Greek Seafarers’ Struggle Against Fascism and Capitalism
| SPANISHSKY.DK 14. JULY 2022 |
Greek Seafarers in the Struggle Against Fascism and Capitalist Oppression and Exploitation
Founded 4 November 1918, the Communist Party of Greece (KKE—Kommounistikó Kómma Elládas) published a book in 2018 as part of the commemoration of its 100 years of history
The struggle against fascism in Spain not only received broad support from the outside world in the form of solidarity rallies and donations, it was also waged directly and militantly—including at sea. We have covered the Soviet and British blockade runners on this website and are now pleased to add the story of the heroic struggle of the Greek sailors.
We truly appreciate the great solidarity and support of the Ernst Thälmann Memorial in Hamburg by the Greek comrades of the KKE. As a result of their help and translation, we have been able to publish this text in German and, now, in English.
Friends of the XI International Brigade/Translation by Friends of the XI International Brigade and Maria Busch
Introduction to the book
This book is dedicated to the struggles of the Communist Party of Greece, KKE, over the past hundred years. It reflects on the most important stages of the seafarers’ labour movement and thus the leading role of the KKE seafarers’ organisation—the class-conscious workers’ movement—in the constant, hard struggle against the exploitative system of the shipowners, the bourgeois state and its government.
Profit over lives
From the very beginning of the Spanish Civil War, the Greek shipowners made huge profits trading with Franco fascists. In fact, the profits were so colossal that the loss of ships or human lives was considered acceptable.
Captions and photo descriptions (newspaper clipping, top): ‘Tanker Goodfor (ex Iolkos) flying British flag torpedoed off the Spanish coast killing colleague, third engineer, Meletios Sofras’. The photo to the left shows the ship before the torpedoing and the photo to the right, the crew after the rescue.
(Newspaper clipping, bottom): From the newspaper Sfaira (Sphere), section ‘News of today’, headline: ‘From tanker Loukia, blown up by mine. Only one crew member rescued’.
The Anti-fascist struggle
The Greek seamen played an important role in the struggle against the Greek dictator Metaxas’ arms support to Francoist Spain using Greek ships and Greek ports (Source: KKE, Επίσημα Κείμενα, Τόμος 4. 1934-1940 (KKE Official Documents, Vol. 4. 1934-1940), Synchroni Epochi Publishers, Athens, 1975, p. 433).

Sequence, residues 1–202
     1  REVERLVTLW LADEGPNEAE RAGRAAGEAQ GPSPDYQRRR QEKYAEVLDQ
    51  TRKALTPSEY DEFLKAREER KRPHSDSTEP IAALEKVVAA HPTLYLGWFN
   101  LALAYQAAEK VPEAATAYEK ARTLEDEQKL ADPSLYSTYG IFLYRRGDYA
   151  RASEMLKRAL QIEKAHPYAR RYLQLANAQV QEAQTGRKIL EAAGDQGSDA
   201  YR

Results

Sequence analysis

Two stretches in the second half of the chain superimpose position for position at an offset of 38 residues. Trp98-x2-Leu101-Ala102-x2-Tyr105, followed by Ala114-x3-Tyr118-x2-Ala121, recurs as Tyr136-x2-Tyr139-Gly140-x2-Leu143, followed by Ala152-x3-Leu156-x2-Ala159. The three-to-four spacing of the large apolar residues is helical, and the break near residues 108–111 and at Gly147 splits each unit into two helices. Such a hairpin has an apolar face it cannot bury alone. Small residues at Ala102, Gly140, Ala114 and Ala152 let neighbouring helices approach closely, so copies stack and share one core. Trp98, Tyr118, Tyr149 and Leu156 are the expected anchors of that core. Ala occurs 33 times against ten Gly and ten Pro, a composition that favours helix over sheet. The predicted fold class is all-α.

One outstanding action of the seamen of this period was the refusal of the crew of the tanker Vassos to transport a cargo to Spain in 1937. The communist Kostas Stefanatos was one of the leaders of this resistance operation. The crew was taken into custody and subsequently sent to Piraeus for interrogation. The examining magistrate report states: ‘To carry out their plan of handing over the cargo to the anti-Franco side, they formed soviets [i.e. councils] on the ship.’ (Stefanatos, K, Seamen, Sychroni Epochi, Athens 1981, p. 81).
Text (top left): ‘Coming from a family of sailors, Nikos Kastanias was born in the fishing village Gialaskari on the island of Ikaria. [During the Spanish Civil War], he was a merchant seaman on ships delivering supplies to democratic Spain in the anti-fascist struggle against Franco. [After the fascist Greek dictator Ioannis Metaxas seized power—also known as the] ‘Regime of the Fourth of August’—Nikos Kastanias was arrested. In the Second World War, he fought on the Albanian Front and later fled to the Middle East where he served in the Navy. He was interned by the British during the anti-fascist movement in the Middle East. In Greece, 1948, Nikos Kastanias was arrested [for alleged subversive activities] and in the staged trial of the ‘150 of the Navy’ he received the death sentence and was executed June 1949’.
(Caption, bottom): ‘In 1937, the crew of tanker Vassos went on strike refusing to deliver cargo to Franco’.
The action of the Greek sailors of the steamship Kimon, transporting ammunition to Spain, is another courageous example. When the ship moored in the port of Souda (Crete), the crew abandoned ship. The Chania [second largest city in Crete] KKE branch then recruited a new crew and organised the transport of the valuable cargo to democratic Spain.
The Spanish Civil War
In August 1937, the Central Committee of the KKE called on the Greek people to ‘support with all means the brave, heroic struggle of the Spanish Republic’. Heroic was the participation of many communist Greek sailors in the Spanish Civil War against fascist Franco.
Large was the number of communist sailors who fought alongside the Spanish people in the ranks of the International Brigades. The highly difficult and dangerous mission to smuggle the brigadists into Spain was mainly carried by the headquarters of the NEE [Union of Greek Seamen] via Marseille.Almost 400 Greeks joined various units of the International Brigades—64 were seamen and 16 of them died in the heroic struggle fulfilling their internationalist duty